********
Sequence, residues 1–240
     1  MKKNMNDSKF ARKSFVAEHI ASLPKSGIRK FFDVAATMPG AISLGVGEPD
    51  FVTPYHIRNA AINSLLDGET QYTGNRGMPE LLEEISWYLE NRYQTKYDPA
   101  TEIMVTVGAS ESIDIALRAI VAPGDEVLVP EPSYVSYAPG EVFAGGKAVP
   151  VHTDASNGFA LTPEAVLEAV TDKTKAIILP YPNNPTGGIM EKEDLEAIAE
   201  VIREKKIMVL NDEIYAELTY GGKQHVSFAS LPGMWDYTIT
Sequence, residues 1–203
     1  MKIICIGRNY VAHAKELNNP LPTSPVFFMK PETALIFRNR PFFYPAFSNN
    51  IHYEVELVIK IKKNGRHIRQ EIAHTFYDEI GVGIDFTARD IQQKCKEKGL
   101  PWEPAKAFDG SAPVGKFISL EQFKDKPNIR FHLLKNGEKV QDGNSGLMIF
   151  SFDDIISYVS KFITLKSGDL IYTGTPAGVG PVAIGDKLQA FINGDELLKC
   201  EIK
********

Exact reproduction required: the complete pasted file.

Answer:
Sequence, residues 1–240
     1  MKKNMNDSKF ARKSFVAEHI ASLPKSGIRK FFDVAATMPG AISLGVGEPD
    51  FVTPYHIRNA AINSLLDGET QYTGNRGMPE LLEEISWYLE NRYQTKYDPA
   101  TEIMVTVGAS ESIDIALRAI VAPGDEVLVP EPSYVSYAPG EVFAGGKAVP
   151  VHTDASNGFA LTPEAVLEAV TDKTKAIILP YPNNPTGGIM EKEDLEAIAE
   201  VIREKKIMVL NDEIYAELTY GGKQHVSFAS LPGMWDYTIT
Sequence, residues 1–203
     1  MKIICIGRNY VAHAKELNNP LPTSPVFFMK PETALIFRNR PFFYPAFSNN
    51  IHYEVELVIK IKKNGRHIRQ EIAHTFYDEI GVGIDFTARD IQQKCKEKGL
   101  PWEPAKAFDG SAPVGKFISL EQFKDKPNIR FHLLKNGEKV QDGNSGLMIF
   151  SFDDIISYVS KFITLKSGDL IYTGTPAGVG PVAIGDKLQA FINGDELLKC
   201  EIK